Interest Rates and Harvest Progress - Friday, 23 September 2016

Many producers are finding now that harvest has begun that yields are not what they had expected.  Keven Van Trump of the Van Trump Report has been receiving information from many of his customers that have been finding extremely disappointing yields once they began harvest. Van Trump reports, “I’m not saying it’s everybody, but there seems to be an abnormally large group of producers this year who have been forecasting and expecting fantastic yields, but are coming up extremely short-handed once they start harvesting the bushels out of the field.  Let’s just say there’s some things happening out in the fields that guys haven’t seen before and are leaving many scratching their head.  The planting was good, the moisture was good, the crop looked good, but the bushels simply weren’t out in the field.”  One of his readers in Northwest Ohio sent in the picture shown below with a brief message which Van Trump shared in his report.  The farmer stated that the corn shown is a 110 day planted on April 20th.  The weather was cool for a week following planting and later was followed with hot dry conditions with only 2.1 inches of rain during June and July.  Following an actual yield check the producers is expecting a final average of close to 160 on a farm with an APH of 201.

The USDA is estimating that the 2016 corn harvest is 9% complete which is slightly below the 5 year average of 12% with most major corn producing states running behind their average pace.  With the excessive rainfall this week in a large portion of northcentral and eastern Iowa and south central and eastern Minnesota the harvest pace is likely to fall even further behind normal for quite some time.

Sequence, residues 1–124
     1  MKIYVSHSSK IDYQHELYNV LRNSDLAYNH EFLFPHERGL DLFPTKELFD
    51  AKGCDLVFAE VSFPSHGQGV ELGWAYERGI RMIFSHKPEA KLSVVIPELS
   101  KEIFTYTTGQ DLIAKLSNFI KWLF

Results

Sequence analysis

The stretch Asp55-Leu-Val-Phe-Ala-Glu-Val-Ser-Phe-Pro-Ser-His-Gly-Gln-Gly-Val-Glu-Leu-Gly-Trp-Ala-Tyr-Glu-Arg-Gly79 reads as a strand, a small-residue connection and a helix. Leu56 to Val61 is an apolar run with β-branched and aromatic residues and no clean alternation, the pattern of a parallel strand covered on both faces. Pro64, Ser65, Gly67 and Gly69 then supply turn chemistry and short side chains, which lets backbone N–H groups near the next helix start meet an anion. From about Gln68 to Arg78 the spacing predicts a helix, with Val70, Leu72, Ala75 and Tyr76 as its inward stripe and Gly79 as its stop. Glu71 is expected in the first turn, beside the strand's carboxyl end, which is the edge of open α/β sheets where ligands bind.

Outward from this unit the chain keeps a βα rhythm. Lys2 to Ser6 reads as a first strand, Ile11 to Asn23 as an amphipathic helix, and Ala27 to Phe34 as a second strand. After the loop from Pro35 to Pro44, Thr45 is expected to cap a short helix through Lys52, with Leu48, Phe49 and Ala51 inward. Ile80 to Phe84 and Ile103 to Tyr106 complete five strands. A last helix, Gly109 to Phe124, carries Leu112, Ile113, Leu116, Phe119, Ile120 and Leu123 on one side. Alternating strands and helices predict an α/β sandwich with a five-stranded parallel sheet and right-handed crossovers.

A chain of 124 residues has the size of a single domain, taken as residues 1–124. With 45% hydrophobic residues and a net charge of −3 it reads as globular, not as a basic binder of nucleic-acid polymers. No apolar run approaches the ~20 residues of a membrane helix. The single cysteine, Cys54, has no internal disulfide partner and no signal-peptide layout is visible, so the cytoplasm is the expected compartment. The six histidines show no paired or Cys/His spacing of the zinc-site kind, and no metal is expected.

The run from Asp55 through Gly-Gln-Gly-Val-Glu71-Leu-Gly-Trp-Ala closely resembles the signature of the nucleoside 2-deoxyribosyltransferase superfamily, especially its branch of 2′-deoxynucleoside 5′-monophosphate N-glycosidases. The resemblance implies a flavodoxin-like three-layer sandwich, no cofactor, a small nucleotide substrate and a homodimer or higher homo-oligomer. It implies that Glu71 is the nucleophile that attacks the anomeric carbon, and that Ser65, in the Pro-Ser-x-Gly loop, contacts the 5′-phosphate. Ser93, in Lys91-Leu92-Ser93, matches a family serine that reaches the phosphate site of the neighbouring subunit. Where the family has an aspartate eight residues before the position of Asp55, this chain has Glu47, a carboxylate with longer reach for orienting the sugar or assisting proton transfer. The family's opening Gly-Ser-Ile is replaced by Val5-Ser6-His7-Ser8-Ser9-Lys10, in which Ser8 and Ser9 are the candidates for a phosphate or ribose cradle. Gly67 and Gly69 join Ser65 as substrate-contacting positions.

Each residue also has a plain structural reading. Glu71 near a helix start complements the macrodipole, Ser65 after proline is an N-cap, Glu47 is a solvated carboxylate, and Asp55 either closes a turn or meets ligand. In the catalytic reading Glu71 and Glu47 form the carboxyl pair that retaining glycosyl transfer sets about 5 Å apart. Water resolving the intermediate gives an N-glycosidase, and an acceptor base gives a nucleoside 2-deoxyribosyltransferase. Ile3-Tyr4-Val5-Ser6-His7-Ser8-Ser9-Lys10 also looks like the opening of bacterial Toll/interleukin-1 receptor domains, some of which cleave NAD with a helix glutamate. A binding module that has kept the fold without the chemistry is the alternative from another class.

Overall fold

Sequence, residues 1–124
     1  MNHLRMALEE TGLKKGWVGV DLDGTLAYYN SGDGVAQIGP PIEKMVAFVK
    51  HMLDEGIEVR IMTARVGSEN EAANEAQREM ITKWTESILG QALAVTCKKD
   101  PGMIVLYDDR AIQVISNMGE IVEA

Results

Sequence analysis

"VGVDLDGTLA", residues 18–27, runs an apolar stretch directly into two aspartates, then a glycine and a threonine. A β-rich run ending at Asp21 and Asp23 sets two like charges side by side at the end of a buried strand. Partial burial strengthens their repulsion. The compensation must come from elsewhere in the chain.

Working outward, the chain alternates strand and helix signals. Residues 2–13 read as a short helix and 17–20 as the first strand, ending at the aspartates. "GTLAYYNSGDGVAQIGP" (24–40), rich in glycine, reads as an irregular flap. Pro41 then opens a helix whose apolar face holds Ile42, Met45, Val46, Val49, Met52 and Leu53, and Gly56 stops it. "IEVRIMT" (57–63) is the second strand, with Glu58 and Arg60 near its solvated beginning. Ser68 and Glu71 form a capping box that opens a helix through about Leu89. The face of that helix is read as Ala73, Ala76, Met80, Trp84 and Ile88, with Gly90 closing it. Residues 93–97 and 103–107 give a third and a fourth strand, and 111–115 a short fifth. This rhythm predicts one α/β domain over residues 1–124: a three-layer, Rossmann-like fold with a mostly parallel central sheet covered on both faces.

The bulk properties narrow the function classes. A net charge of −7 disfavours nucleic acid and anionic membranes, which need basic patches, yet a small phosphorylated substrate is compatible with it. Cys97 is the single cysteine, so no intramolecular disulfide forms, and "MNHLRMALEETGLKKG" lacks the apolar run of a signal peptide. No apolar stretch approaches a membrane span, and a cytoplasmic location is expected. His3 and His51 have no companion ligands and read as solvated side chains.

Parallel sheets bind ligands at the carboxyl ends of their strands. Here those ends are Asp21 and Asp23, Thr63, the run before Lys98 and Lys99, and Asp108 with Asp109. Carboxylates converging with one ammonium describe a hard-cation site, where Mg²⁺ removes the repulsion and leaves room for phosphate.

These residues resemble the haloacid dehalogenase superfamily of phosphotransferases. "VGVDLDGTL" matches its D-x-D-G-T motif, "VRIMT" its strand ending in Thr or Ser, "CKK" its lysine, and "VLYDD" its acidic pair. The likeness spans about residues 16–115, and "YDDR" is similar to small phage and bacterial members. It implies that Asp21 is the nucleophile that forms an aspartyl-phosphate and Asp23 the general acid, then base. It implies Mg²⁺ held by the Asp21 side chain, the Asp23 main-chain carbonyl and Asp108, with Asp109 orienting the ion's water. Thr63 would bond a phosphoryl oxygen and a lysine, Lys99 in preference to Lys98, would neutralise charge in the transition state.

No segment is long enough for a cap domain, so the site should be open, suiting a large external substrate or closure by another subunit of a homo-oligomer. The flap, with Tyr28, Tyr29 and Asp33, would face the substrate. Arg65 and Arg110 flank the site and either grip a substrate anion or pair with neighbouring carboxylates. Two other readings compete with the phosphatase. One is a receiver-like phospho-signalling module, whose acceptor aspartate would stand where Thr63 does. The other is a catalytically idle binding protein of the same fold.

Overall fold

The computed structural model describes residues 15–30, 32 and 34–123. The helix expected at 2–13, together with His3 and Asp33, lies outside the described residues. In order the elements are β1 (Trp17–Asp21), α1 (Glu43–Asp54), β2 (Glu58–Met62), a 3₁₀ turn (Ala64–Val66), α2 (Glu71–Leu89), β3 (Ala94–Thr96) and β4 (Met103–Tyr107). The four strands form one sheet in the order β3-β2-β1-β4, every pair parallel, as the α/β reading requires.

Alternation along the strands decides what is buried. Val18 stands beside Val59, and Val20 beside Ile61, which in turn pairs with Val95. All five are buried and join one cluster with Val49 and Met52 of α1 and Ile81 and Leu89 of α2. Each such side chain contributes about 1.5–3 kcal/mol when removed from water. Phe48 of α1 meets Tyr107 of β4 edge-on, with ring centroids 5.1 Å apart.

Soybeans are facing record setting yields this growing season which could push ending stocks above 400 million bushels and in the process move prices back toward previous lows.  On the other side of the soybean story though is the potential for weather problems here in the U.S. as well as in South America.  The heavy rain in key U.S. production areas has delayed the harvest of soybeans as well as corn and in South America concerns are building over the potential of “neutral” vs La Niña weather pattern.  In past years neutral weather patterns have proven to somewhat problematic for producers in Brazil as well as Argentina.

The USDA estimated soybean harvest progress for this past Monday is mapped below:



For several years borrowers have enjoyed the benefits of low interest rates that were lowered several years ago in an attempt to stimulate economic growth. The chart below shows the “Federal Dot Plot” which is a tool used to help predict the future movement of interest rates.  There are 16 members of the FOMC which is the rate-setting body within the Fed and each member is represented by a dot on the chart.  The dot for each representative is placed according to that members view on where they feel the federal funds rate should be for nearby as well as several years from now.  It appears from the data shown on this chart that members seem a bit more “dovish” now following the September meeting than they did after the June meeting.  This would indicate that the FOMC members are more likely to keep the interest rates lower for a longer period of time than previously thought.


The Corn Belt has had widely differing weather this week, flash flooding across northern areas is contrasted by very warm and dry conditions across the south.  Looking ahead an “energetic storm system” is expected to emerge from the west generating a “multi-day heavy precipitation event”.  Rainfall amounts of 2 to 6 inches are expected from the Intermountain West to the northern High Plains with a cool air mass to follow.  The eastern U.S. should remain warm and dry except for cool temps in the Northeast. 

The map below shows the 48 hour rainfall totals for September 20-21st for the upper Midwest.  There are large pockets where rainfall totals have reached 12+.  Flash flooding is widespread with evacuations of some communities along swollen rivers taking place, river’s are expected to crest at or near record levels but there is more rain in the forecast for the weekend.

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